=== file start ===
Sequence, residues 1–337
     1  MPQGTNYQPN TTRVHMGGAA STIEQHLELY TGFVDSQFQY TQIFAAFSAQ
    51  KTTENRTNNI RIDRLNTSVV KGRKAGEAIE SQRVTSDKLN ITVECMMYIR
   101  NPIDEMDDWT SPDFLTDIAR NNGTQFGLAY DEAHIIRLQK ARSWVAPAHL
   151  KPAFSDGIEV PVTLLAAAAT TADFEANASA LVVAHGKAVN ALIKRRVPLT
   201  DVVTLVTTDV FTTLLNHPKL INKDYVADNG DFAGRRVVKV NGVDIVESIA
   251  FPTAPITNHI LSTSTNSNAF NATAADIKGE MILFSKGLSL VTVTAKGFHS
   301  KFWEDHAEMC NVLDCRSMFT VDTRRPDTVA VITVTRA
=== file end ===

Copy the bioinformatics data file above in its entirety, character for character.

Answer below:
Sequence, residues 1–337
     1  MPQGTNYQPN TTRVHMGGAA STIEQHLELY TGFVDSQFQY TQIFAAFSAQ
    51  KTTENRTNNI RIDRLNTSVV KGRKAGEAIE SQRVTSDKLN ITVECMMYIR
   101  NPIDEMDDWT SPDFLTDIAR NNGTQFGLAY DEAHIIRLQK ARSWVAPAHL
   151  KPAFSDGIEV PVTLLAAAAT TADFEANASA LVVAHGKAVN ALIKRRVPLT
   201  DVVTLVTTDV FTTLLNHPKL INKDYVADNG DFAGRRVVKV NGVDIVESIA
   251  FPTAPITNHI LSTSTNSNAF NATAADIKGE MILFSKGLSL VTVTAKGFHS
   301  KFWEDHAEMC NVLDCRSMFT VDTRRPDTVA VITVTRA